Jeffrey, I got to ask you real quick, cause we have a lot of links in the notes today to get all these things. I want to be sure, like one of the easiest ones I see is called protect nature now, dot com can they get all the things you've just referenced in terms of advocacy plugging in through that particular website? I want to make sure we're directing them the right way.

Speaker 3: (42:43)
Yes, yes. That will get you there. I just rewrote the homepage on Friday. It was put up this morning or it has the film and the trailer on the left side. And it has an invitation to go to the advocacy platform on the right side, above the fold. You can click there and then you can participate and we will be sending information out. You see the thing is this. I I'm really glad to speak to your audience, Robert, because what I find is that the epidemic, and I've mentioned this to you before the epidemic, which underlies the GMO issue, which underlies so many of these issues is the concept that it's not responsibility. It's someone else's responsibility. And either I hope they're doing a good job, or I think they're doing a good job, but it's a reductionistic dividing, not me, not my problem kind of attitude. That is actually part of the educational system that was designed to create good soldiers and good workers and giving our power to our teachers and to the government. And you know, all about this in this case, I believe I'm talking to people who have cured that epidemic for themselves and they realize what's interesting. Also, Robert is this, and we've talked about this.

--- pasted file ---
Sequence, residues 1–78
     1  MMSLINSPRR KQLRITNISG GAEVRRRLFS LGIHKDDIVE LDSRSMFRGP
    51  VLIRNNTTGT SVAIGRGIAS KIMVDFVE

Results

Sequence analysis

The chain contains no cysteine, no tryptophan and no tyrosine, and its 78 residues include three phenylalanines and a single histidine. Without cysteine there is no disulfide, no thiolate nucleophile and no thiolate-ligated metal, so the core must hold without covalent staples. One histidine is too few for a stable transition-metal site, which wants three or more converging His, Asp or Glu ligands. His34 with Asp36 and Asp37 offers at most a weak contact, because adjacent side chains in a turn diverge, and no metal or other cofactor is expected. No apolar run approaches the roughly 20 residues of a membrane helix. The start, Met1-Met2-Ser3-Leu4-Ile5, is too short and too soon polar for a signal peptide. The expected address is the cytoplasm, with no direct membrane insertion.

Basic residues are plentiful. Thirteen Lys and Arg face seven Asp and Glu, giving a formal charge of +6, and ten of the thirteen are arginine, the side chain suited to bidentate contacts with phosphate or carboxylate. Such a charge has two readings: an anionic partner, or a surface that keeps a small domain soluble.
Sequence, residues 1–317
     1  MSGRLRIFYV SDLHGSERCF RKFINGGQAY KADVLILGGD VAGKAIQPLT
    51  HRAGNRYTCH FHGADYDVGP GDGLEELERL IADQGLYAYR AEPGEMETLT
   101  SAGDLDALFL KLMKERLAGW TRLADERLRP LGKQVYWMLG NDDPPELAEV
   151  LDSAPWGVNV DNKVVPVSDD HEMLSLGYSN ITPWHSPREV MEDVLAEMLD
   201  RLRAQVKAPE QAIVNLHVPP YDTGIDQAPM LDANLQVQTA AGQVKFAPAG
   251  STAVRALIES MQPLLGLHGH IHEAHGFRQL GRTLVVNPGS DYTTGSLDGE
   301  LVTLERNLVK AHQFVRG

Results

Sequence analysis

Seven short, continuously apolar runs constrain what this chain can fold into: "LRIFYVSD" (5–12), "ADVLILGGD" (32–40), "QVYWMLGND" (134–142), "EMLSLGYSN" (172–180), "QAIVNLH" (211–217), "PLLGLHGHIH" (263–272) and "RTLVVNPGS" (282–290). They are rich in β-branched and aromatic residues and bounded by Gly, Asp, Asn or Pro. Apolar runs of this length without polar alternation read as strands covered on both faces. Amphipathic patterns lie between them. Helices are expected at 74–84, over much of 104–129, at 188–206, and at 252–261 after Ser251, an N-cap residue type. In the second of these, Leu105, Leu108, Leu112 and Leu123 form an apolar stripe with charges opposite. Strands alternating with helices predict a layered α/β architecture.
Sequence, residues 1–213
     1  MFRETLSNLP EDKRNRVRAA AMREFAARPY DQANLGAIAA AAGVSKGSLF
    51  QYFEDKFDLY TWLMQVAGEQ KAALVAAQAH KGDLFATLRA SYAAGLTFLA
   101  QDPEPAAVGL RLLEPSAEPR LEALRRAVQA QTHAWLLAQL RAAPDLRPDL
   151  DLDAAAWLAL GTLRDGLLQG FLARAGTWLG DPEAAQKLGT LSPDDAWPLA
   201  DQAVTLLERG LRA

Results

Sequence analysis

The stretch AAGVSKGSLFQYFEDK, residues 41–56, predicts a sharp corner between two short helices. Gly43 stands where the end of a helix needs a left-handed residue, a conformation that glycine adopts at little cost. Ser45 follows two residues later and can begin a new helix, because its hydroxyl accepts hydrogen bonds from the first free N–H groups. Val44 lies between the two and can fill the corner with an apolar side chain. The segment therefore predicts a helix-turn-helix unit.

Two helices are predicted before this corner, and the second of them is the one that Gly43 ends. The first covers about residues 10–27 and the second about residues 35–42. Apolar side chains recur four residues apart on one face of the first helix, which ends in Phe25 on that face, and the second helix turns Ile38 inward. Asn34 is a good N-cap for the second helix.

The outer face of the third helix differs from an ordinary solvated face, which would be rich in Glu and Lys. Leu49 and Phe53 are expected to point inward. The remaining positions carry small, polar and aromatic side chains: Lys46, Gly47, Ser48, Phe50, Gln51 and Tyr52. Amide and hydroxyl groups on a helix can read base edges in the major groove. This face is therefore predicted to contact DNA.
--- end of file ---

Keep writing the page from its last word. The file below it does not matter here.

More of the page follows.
Speaker 3: (44:19)
If you have given your power away as your traditional mode of action, and you hear something like this, you can be caught in fear or sadness or anger, and you won't necessarily see there's a way to go and get out of it. But if you have, if you digest information differently and you realize, Oh, this is a new record, this is an inevitable time in human civilization. We were meant to get here where we can have the tools to change the DNA. And just because you should do it doesn't mean I'm just because you can do it doesn't mean you should do quoting Jeff Goldbloom from Jurassic park. But what it also means is we get to invite the human human population to have a bigger vision than it has ever had in human civilization. So it encompasses all living beings. It encompasses the unseen kingdoms.

Speaker 3: (45:23)
It encompasses all future generations. And we realize that our actions today can create ripples effects, ripple effects in time and space, and that we have a job to be stewards of that. So we get to, we get to it's our honor, we get to change and an enlightened the thinking of humanity. So it doesn't have to be a burden. No, it can be an opportunity that we get to participate in. And so when we hear these jaw dropping these gulps, we realize, Oh, how can I help? What can I do? And one of the things that people can do is to donate donations are the number one priority for our Institute and our protect nature. Now, coalition, we created a organizational chart and said, okay, if we're fully funded for work in the U S and partially in Europe, how much would it cost? How much would we spend on PR and marketing and asset production and films, et cetera.